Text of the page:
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### Non-Linear Model

The non-linear model Gel60,Wei67 is built to describe pseudoscalar mesons of which we know that: 1 they exist, 2 their scalar partners don't, and 3 they obey the chiral symmetry of SU(2) SU(2). The first two facts are experimental ones, and the third one comes from the lower level (quark) theory.

The SU(2) SU(2) group is isomorphic to the O(4) group - the orthogonal group in four dimensions Gil74. Therefore, the meson fields in question can be described by four real fields , =1,2,3,4, and all we need is a model for the Lagrangian density. The non-linear model makes the following postulate: (32)

where all pairs of indices imply summations. Since only lengths of vectors in the four-dimensional O(4) space appear in the Lagrangian density, it is explicitly invariant with respect to the chiral group. The potential energy depends only on the radial variable = , i.e., (33)

but it does not depend on the orientation of in the four-dimensional space. For  0 and  0 this potential, as function of , has a maximum at =0, and a minimum at (34)

However, as a function of all the four components it is flat in all directions perpendicular to the radial versor . In two dimensions, such a potential is called the Mexican hat'', see Fig. 4.

Let us now consider the classical ground state corresponding to Lagrangian density (32). The lowest energy corresponds to particles at rest, =0, and resting at a lowest point of the potential energy (34). Now we have a problem - which one of the lowest points to choose, because any one such that = is as good as any other one. However, the classical fields at space-time point must have definite values, i.e., they spontaneously pick one of the solutions out of the infinitely-many existing ones. Once one of the solutions is picked, the O(4) symmetry is broken, because the ground-state field is not any more invariant with respect to all O(4) transformations. Using the graphical representation of the Mexican hat'', Fig. 4, one can say that the system rolls down from the top of the hat, and picks one of the points within the brim.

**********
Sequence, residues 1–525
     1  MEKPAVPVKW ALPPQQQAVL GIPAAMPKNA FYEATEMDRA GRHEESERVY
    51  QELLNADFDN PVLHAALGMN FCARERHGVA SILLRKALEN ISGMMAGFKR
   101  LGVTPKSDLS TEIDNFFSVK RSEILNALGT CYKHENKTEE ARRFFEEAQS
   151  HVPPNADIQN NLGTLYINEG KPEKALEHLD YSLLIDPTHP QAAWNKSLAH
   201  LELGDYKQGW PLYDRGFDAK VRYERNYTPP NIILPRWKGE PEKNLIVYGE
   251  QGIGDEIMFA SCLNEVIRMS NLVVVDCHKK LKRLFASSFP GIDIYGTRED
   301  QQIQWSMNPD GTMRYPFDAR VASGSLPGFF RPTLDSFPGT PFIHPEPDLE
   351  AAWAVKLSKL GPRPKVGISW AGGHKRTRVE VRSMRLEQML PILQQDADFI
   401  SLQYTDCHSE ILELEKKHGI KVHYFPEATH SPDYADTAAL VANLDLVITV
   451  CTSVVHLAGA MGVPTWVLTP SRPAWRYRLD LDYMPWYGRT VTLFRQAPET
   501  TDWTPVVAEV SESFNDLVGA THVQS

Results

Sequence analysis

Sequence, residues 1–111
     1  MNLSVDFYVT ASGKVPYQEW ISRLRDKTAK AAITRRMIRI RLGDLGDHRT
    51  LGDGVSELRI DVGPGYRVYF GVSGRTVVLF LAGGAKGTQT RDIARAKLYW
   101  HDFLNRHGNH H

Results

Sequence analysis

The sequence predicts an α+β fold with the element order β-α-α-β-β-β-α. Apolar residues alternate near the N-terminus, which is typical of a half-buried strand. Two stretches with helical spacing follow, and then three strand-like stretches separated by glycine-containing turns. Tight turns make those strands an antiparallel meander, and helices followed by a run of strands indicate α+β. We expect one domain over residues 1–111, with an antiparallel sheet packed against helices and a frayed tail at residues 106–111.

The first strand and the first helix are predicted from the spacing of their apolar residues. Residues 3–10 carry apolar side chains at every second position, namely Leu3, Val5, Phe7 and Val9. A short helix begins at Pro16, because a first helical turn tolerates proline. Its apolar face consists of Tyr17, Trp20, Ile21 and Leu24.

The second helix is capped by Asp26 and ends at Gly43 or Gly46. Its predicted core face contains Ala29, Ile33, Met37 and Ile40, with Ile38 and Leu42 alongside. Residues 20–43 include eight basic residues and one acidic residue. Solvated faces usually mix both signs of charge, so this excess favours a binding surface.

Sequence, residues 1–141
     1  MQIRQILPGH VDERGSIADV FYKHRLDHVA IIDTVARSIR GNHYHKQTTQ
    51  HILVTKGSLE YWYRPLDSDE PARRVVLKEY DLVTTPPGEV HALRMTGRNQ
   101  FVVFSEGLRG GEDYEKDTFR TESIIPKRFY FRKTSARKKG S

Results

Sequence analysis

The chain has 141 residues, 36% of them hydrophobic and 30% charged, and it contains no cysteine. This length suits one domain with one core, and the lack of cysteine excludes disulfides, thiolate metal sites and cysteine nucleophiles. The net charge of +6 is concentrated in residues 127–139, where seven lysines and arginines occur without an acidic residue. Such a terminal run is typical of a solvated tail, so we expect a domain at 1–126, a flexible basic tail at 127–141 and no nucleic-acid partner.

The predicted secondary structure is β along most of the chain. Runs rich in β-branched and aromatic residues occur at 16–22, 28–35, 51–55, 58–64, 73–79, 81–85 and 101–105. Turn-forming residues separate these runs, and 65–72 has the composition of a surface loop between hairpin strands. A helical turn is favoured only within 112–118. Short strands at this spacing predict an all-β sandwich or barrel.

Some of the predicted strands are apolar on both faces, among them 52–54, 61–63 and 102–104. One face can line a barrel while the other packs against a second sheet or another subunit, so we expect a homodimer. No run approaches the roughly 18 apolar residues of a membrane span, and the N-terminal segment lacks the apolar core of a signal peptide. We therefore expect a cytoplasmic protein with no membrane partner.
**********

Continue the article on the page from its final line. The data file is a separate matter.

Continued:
It is now clear that fields do not constitute the best variables to look at the problem, because the physics in the radial and transversal directions is different. Before proceeding any further, let us introduce variables and that separately describe these two directions, namely, (35)

Inserting expressions (35) into (32) we obtain the Lagrangian density expressed by the new fields and , (36)

where '' distinguishes the scalar product in the iso-space from the scalar product in usual space, which is denoted by ''. Apart from the multiplicative factor in front of the first term, the Lagrangian density is now separated into two parts that depend on different variables. Stiffness in the direction of the potential energy (33), calculated at the minimum , equals = =  0, and for large is very large. Then, the field is confined to values very close to , and we can replace the pre-factor of the first term in Eq. (36) by . Within this approximations, fields and become independent from one another, and can be treated separately.

We disregard now the part of the Lagrangian density depending on . Indeed, the initial potential (33) has been postulated without any deep reason, and a detailed form of it is, in fact, totally unknown - it comes from the quark level that we did not at all solved. Any potential that confines the field to values close to is good enough. This field must remain in its ground state, because any excitations of it would bring too much energy into a meson, and again, meson's internal structure remains unresolved.   Next: Pion-Pion Lagrangian Up: Dynamical (Chiral) Symmetry Breaking Previous: Dynamical (Chiral) Symmetry Breaking
Jacek Dobaczewski 2003-01-27